I had to hunt for a post to use in Project August because some people (I’m looking at you regular readers) still refuse to help me. And after I found a post to which I wanted to respond, I realized the post is basically a column taken from The American Prospect, which means using it for Project August is a bit of a cheat. In my defense, I did not realize the true nature of the post until after I started working on this entry. Anyway, the author of the column seems to have used the old “I can knock down a straw man so you must be ignorant” bit. Fair warning, I am going to basically shred this person’s argument. Ready? Here we go. Continue reading
Archive for rights
In a previous post I mentioned the oft used “if you think X should not be illegal then I guess you’re okay with murder” argument. There is a notion out there in the political ether that libertarians who oppose certain laws are just foolish anarchists who want all laws abolished. While some libertarians are anarchists, most, if not the vast majority of them, are not. “You don’t get to pick and choose which laws are obeyed/enforced,” is the general reply to that. “For if everyone only followed/enforced the laws they liked, that would make the law ineffectual and impotent.” Perhaps, but insisting we have an obligation to obey any and all man-made laws makes the law a tyrannic oppressor rather than a protector of rights. Protecting rights is the true purpose of just laws. Continue reading
After reading about how New York Mayor Michael Bloomberg apparently wants President Obama and Presidential candidate Mitt Romney to start committing to gun control laws, Continue reading
Day 2 of answering questions posed by Diane Owens.
What is something that is universal to ALL human beings?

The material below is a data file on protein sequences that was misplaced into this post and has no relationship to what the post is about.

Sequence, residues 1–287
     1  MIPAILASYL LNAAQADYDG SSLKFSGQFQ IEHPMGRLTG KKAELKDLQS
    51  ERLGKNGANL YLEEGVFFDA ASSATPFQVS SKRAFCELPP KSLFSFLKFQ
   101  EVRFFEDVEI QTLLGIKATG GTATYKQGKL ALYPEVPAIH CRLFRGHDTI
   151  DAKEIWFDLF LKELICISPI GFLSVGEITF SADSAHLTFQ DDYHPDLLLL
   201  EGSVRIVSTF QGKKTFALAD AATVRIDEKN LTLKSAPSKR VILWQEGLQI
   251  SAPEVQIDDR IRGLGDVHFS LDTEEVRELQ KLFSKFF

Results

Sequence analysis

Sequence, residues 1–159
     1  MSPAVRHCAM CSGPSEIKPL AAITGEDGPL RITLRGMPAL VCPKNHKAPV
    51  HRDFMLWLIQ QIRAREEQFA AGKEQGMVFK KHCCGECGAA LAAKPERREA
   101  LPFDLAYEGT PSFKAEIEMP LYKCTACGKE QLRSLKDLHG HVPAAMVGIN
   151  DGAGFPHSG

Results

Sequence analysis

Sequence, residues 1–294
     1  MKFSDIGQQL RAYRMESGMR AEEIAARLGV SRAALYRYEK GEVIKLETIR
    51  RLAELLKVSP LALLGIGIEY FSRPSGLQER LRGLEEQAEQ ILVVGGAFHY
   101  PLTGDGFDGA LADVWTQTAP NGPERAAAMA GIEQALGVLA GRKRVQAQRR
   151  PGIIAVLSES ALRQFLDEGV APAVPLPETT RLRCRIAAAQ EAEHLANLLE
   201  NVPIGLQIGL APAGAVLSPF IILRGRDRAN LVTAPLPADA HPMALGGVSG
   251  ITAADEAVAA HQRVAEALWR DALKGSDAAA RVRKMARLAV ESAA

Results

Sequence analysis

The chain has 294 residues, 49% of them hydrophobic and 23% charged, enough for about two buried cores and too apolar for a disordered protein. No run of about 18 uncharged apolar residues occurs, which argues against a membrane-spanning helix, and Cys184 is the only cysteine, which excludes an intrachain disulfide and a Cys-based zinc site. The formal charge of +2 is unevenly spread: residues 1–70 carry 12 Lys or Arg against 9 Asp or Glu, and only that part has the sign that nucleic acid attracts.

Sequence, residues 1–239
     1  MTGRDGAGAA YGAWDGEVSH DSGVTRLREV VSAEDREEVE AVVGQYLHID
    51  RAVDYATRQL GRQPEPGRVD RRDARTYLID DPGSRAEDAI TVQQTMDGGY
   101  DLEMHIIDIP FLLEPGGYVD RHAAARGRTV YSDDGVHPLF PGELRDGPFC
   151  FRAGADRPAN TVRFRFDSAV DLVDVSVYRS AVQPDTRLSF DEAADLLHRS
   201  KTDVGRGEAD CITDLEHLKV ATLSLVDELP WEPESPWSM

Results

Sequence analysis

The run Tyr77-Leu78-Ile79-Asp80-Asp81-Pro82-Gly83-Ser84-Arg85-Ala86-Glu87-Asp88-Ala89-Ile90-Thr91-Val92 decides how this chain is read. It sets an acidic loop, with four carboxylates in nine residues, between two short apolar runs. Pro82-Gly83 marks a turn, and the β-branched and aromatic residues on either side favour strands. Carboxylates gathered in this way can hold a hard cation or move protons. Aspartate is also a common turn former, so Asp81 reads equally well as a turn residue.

And of course, my libertarian philosophy prompts me to say also that there are fundamental rights that all humans have. All humans, not just the ones who are citizens of the U.S. Which is to say, rights are not privileges granted or revoked by a government.
Rights are something all humans have, above or prior to government. Which is to say, government cannot give them to us and it cannot take them away. Yes, a government can infringe on the liberty to exercise one’s rights, but the rights remain regardless of government policy or action. Which means something a government grants you as a privilege to do or to have is not a right. For example, voting is not a right. Voting is a privilege.
And all humans having these rights means even the humans we do not like have them. Racists have them. Fascists have them. Socialists have them. Murderers have them. Terrorists have them. Even the rude people who talk during movies in the cinema have them.
I know this will annoy people of certain political philosophies, but fundamental is the right of property. At the heart of the philosophy in which I believe, is the concept that a person owns himself. Other rights stem from this. And the notion that I do not have the right to infringe your rights also stems from this.
I know this is a subject which people have argued for several hundred years, and maybe you, O reader, disagree with me. But this is my answer to the question. Self-ownership, and therefore basic human rights, belong to all human beings universally. No human has more rights or less rights than any other human.